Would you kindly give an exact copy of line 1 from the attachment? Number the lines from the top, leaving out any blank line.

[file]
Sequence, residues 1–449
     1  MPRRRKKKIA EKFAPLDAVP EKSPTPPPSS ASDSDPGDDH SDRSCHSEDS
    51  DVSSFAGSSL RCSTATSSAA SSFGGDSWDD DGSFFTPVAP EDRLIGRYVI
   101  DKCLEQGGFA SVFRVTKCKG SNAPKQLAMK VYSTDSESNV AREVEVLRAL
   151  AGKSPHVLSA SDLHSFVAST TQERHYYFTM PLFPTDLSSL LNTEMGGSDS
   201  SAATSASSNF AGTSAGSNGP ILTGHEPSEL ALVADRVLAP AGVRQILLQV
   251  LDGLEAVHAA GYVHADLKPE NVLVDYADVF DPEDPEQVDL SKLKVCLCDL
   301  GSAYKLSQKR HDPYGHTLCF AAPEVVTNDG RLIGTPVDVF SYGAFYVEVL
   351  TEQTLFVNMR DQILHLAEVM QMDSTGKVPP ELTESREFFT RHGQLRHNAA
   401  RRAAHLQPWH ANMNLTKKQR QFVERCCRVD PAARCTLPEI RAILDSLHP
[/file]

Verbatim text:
Sequence, residues 1–449